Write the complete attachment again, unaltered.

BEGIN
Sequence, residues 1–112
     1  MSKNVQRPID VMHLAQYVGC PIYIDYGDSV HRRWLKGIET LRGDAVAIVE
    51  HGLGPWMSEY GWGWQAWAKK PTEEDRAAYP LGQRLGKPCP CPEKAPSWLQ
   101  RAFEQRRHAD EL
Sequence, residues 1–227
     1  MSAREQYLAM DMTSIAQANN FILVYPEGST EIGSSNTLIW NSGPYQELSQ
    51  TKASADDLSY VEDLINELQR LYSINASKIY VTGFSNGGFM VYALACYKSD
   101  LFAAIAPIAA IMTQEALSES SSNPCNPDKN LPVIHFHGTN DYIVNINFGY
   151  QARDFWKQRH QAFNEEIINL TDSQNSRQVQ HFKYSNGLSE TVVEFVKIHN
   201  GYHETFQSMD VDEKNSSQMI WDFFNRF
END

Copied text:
Sequence, residues 1–112
     1  MSKNVQRPID VMHLAQYVGC PIYIDYGDSV HRRWLKGIET LRGDAVAIVE
    51  HGLGPWMSEY GWGWQAWAKK PTEEDRAAYP LGQRLGKPCP CPEKAPSWLQ
   101  RAFEQRRHAD EL
Sequence, residues 1–227
     1  MSAREQYLAM DMTSIAQANN FILVYPEGST EIGSSNTLIW NSGPYQELSQ
    51  TKASADDLSY VEDLINELQR LYSINASKIY VTGFSNGGFM VYALACYKSD
   101  LFAAIAPIAA IMTQEALSES SSNPCNPDKN LPVIHFHGTN DYIVNINFGY
   151  QARDFWKQRH QAFNEEIINL TDSQNSRQVQ HFKYSNGLSE TVVEFVKIHN
   201  GYHETFQSMD VDEKNSSQMI WDFFNRF